In the following post, Arthur Goldhammer, who runs the blog French Politics, brilliantly reminds us of the immense social process that made it possible for Steve Jobs to do what he did. What we especially like about the post is the connection it draws between two competing visions of the economy and the political implications that follow. The dominant view of Jobs’ celebrants is not far off from a crude, Randian view that the economy is populated by a few heroic geniuses like Jobs, for whose existence we should all be thankful, and who create value individually, in isolation, and ex nihilo. All that is required is a free market and the profit motive. The reality, as Goldhammer points out, is considerably different. For Jobs to invent what he did required the genius and labor of huge numbers of people, large amounts of publicly-financed research, and people sharing in the intrinsic rewards of joint collaboration and invention. Genius arises out of and in relation to what social cooperation makes possible, not against society.
By Arthur Goldhammer
In one of many recent articles on the late Steve Jobs, Dean Baker wrote (comparing Jobs and Alan Greenspan): “One made us rich, with a vast array of new products and new possibilities. The other made us poor with a long lasting downturn that could persist for more than a decade.” I want to enter a mild demurrer against the hagiographic depiction of Steve Jobs as the heroic entrepreneur, which one finds in nearly all the obituaries. My quarrel is not with Apple’s overseas labor practices, deplorable as those may have been. That is a separate issue. It is with the whole idea of the heroic individual entrepreneur who supposedly creates an industry ex nihilo and “makes us rich.”
To say this is to take nothing away from Steve Jobs, who was brilliant at what he did. But what he did was essentially to package the genius of tens of thousands of others, who worked not for extraordinary shares of immense profits or for rock-star celebrity but for love of the work itself. When the technologies are in place, it is inevitable that a Jobs will come along and find the key to commoditizing them, but creation of the technologies is a long, slow, and above all social process, which owes more to the actions of a far-sighted state and to basic research pursued in universities and private labs than to the genius of any entrepreneur.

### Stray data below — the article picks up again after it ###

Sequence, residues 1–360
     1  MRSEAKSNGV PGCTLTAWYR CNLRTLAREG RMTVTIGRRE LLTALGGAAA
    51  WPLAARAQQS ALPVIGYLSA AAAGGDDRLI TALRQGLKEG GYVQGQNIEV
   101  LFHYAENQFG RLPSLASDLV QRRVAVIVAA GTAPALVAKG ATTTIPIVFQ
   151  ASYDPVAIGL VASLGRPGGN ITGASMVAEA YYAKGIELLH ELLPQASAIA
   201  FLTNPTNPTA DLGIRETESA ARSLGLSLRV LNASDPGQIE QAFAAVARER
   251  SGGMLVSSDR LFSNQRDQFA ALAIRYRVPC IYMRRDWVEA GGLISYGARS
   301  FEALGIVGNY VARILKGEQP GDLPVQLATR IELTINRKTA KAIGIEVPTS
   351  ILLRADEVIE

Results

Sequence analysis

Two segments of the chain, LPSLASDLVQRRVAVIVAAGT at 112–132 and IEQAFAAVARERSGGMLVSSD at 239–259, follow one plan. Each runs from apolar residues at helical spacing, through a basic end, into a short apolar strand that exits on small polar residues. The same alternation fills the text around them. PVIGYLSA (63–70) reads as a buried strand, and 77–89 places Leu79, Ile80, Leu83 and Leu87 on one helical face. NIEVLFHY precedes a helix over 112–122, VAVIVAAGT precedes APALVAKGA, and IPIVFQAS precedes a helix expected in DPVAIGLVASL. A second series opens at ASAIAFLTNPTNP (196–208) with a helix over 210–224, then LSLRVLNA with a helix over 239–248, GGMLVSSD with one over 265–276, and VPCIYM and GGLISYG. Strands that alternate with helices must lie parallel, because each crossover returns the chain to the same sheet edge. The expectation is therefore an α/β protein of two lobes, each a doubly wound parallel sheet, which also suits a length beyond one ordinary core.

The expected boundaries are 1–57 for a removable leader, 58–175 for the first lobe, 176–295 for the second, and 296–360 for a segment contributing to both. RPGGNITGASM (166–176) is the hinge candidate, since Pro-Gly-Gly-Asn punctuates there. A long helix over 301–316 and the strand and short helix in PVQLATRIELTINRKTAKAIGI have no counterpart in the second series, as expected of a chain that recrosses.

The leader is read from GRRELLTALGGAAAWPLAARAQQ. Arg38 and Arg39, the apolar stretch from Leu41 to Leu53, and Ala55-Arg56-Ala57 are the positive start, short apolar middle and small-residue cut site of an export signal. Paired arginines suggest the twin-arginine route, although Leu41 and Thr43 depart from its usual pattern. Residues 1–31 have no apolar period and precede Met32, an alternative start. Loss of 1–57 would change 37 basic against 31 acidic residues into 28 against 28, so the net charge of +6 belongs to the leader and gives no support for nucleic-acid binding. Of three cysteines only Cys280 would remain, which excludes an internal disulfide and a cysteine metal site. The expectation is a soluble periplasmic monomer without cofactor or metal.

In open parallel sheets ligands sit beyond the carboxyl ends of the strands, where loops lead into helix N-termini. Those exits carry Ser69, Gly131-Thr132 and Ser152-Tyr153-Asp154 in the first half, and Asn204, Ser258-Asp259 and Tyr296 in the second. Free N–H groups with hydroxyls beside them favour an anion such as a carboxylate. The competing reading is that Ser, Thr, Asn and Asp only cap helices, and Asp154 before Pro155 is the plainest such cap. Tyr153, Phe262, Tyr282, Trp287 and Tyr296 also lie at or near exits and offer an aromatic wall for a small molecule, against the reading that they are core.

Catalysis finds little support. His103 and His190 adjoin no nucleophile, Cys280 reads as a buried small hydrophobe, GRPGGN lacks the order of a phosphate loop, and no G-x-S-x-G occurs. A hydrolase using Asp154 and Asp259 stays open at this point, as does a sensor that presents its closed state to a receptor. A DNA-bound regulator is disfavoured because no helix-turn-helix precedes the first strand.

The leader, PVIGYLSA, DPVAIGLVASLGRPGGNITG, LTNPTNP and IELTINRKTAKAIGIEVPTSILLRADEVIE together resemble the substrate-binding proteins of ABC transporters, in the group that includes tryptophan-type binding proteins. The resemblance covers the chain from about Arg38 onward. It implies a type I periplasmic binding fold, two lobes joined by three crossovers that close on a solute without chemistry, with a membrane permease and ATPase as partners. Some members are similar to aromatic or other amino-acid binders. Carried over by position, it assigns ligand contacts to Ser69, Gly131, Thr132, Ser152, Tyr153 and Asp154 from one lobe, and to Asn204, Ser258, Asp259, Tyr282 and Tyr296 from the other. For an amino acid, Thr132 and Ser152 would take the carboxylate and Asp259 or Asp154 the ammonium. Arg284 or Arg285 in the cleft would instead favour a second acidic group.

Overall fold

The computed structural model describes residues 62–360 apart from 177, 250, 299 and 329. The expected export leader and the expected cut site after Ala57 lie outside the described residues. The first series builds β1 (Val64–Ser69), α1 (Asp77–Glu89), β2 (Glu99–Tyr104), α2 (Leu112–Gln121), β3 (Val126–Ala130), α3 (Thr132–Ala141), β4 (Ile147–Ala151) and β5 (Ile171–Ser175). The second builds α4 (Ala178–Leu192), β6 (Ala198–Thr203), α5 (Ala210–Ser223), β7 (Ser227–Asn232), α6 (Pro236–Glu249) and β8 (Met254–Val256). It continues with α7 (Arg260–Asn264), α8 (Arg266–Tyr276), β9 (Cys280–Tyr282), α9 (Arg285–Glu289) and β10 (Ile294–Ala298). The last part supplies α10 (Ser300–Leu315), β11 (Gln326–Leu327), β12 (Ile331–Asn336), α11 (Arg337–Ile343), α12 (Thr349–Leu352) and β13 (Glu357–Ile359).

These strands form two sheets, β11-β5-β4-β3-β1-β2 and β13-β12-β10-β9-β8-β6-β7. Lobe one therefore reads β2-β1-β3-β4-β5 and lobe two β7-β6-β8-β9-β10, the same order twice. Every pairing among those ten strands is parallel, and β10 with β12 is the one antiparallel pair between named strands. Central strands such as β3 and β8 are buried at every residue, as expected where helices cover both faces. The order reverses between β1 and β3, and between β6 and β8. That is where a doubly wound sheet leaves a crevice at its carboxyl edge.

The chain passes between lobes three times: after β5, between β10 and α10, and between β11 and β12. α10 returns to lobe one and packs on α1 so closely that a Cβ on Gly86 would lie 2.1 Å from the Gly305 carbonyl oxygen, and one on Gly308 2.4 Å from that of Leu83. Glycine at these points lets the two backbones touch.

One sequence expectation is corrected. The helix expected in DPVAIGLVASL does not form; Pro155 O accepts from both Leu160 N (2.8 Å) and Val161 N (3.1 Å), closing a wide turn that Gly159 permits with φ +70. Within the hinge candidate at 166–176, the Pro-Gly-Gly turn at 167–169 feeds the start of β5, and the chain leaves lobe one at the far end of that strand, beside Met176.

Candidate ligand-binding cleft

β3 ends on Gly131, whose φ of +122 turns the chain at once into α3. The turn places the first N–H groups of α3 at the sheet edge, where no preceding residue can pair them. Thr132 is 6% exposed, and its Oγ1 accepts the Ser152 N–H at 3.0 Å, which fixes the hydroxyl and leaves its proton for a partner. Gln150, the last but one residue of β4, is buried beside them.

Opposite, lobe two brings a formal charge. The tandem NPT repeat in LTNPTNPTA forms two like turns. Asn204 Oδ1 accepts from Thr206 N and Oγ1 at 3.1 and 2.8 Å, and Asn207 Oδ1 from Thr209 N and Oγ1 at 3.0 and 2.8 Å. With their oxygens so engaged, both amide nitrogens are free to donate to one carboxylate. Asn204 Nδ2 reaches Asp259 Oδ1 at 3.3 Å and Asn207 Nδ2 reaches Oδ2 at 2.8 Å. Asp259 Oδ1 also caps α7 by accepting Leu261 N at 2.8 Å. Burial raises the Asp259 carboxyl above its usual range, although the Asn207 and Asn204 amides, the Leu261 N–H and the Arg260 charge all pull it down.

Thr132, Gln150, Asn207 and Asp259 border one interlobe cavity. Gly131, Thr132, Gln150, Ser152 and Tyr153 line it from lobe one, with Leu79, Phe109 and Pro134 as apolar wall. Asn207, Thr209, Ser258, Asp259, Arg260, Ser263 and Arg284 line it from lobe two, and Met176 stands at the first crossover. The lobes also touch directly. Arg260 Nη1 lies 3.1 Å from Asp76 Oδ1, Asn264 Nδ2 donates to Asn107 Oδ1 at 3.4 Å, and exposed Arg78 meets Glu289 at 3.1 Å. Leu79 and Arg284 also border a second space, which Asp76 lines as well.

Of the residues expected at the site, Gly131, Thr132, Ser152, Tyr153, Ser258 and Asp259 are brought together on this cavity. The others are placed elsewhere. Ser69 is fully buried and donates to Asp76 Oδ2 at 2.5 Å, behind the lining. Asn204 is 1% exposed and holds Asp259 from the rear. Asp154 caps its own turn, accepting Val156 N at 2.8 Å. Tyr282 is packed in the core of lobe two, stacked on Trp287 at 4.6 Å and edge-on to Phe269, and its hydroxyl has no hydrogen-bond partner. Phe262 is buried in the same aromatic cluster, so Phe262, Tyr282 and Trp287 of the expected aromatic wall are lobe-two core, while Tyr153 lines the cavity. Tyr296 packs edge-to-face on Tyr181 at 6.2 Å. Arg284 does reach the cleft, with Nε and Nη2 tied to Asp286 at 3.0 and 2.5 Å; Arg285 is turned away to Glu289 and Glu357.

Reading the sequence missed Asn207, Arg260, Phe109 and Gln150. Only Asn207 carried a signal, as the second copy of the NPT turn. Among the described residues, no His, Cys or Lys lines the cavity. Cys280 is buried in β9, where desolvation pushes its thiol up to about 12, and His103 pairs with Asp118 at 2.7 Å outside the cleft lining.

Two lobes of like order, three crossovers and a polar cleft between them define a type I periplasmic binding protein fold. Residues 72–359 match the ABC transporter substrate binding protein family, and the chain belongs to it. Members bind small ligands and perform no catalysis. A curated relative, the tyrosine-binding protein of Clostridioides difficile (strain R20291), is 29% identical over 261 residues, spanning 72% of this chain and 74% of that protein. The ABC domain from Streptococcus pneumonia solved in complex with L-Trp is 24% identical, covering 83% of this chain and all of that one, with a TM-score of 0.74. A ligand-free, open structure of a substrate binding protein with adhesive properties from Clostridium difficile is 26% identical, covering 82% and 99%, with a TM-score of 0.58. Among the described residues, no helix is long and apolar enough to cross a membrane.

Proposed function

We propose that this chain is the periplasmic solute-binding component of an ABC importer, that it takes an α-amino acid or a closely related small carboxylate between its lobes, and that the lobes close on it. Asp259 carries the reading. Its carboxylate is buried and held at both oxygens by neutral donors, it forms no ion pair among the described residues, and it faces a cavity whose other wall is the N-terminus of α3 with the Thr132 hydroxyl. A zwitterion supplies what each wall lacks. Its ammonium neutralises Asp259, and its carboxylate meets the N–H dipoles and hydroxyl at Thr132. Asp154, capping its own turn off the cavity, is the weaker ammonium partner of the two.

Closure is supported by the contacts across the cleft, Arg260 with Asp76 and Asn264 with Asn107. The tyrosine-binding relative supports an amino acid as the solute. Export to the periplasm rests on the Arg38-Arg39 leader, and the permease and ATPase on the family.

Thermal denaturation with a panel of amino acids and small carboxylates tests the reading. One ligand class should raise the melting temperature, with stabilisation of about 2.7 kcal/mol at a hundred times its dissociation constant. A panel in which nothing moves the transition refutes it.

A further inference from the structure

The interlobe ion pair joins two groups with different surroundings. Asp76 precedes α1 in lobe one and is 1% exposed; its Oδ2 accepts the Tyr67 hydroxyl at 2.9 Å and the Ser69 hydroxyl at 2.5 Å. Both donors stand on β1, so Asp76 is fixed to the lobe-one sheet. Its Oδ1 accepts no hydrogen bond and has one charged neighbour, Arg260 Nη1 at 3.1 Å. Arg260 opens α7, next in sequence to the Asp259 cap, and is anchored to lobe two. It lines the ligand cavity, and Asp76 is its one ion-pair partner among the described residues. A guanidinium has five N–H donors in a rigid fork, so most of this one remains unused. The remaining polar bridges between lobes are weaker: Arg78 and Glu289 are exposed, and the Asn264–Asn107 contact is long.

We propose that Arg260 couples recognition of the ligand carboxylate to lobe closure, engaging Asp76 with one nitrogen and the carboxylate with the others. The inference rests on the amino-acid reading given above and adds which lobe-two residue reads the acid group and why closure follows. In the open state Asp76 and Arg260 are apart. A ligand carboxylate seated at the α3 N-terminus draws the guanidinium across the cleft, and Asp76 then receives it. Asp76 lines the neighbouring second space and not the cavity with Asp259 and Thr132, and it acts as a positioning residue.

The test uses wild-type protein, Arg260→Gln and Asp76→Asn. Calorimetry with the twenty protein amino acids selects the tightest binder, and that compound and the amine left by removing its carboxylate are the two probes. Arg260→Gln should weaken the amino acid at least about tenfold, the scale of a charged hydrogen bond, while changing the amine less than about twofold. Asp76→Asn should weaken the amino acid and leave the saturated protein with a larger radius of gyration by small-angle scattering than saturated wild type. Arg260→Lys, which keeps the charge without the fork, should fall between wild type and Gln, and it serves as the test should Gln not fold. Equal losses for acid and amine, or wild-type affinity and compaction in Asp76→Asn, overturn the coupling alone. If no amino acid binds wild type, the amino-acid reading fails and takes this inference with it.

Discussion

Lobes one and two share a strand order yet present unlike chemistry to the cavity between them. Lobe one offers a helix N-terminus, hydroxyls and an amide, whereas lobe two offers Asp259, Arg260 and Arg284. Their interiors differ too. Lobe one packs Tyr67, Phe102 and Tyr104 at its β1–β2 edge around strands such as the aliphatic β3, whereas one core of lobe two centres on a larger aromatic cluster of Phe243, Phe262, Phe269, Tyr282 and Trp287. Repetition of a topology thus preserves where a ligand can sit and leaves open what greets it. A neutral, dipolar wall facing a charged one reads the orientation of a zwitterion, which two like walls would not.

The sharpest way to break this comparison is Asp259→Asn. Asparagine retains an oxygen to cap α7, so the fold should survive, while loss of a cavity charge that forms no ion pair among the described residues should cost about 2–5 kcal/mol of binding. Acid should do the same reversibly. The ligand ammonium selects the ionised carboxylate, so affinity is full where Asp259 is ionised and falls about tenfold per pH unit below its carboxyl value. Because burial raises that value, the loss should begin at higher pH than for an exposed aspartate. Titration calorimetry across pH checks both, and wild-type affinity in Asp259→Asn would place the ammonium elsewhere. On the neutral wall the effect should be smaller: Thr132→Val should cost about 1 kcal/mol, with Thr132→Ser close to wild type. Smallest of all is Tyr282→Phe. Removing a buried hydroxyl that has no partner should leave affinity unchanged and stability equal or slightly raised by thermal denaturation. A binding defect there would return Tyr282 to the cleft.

Think of all the technologies that go into a Mac or iPhone: semiconductor physics, computer languages, ingenious algorithms, liquid-crystal displays, networking protocols, advanced modulation techniques, etc. etc. Steve Jobs was responsible for none of this, and the vast scope of the collective effort that goes into making each handy consumer device is a story that needs to be told by a historian of technology, not a hagiographer. Otherwise we risk confusing the achievement of the individual, remarkable as it may be, with the social achievement–the civilization–that makes it possible.
The singling out of the individual achievement is to my mind an essentially right-wing trope. It encourages the kind of thinking that leads people to argue that the tax system must preserve the profit incentive that is supposed to motivate these”job creators” and “wealth creators.” But the fact is that emphasizing the economic incentives to individuals ignores the importance of providing other kinds of incentives to the kinds of people who are not motivated primarily by money (and I think that Jobs himself surely was one of those for whom money was a secondary consideration). No matter how much we enjoy our iPods and iPhones, we should be careful about attributing their existence to individual “genius” rather than to collective effort and the education and organization on which that effort depends.